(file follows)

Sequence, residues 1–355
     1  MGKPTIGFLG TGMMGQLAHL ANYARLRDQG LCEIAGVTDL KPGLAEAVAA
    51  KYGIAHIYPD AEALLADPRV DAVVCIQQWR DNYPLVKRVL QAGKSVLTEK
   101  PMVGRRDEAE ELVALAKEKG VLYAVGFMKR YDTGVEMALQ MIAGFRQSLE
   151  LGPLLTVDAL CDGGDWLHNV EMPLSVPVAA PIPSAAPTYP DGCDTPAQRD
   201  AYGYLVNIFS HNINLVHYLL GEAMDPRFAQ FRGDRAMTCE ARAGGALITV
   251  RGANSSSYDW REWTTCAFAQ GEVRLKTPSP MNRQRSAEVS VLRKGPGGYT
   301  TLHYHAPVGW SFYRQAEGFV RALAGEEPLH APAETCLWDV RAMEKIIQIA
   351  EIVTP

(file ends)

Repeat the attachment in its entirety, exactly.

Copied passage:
Sequence, residues 1–355
     1  MGKPTIGFLG TGMMGQLAHL ANYARLRDQG LCEIAGVTDL KPGLAEAVAA
    51  KYGIAHIYPD AEALLADPRV DAVVCIQQWR DNYPLVKRVL QAGKSVLTEK
   101  PMVGRRDEAE ELVALAKEKG VLYAVGFMKR YDTGVEMALQ MIAGFRQSLE
   151  LGPLLTVDAL CDGGDWLHNV EMPLSVPVAA PIPSAAPTYP DGCDTPAQRD
   201  AYGYLVNIFS HNINLVHYLL GEAMDPRFAQ FRGDRAMTCE ARAGGALITV
   251  RGANSSSYDW REWTTCAFAQ GEVRLKTPSP MNRQRSAEVS VLRKGPGGYT
   301  TLHYHAPVGW SFYRQAEGFV RALAGEEPLH APAETCLWDV RAMEKIIQIA
   351  EIVTP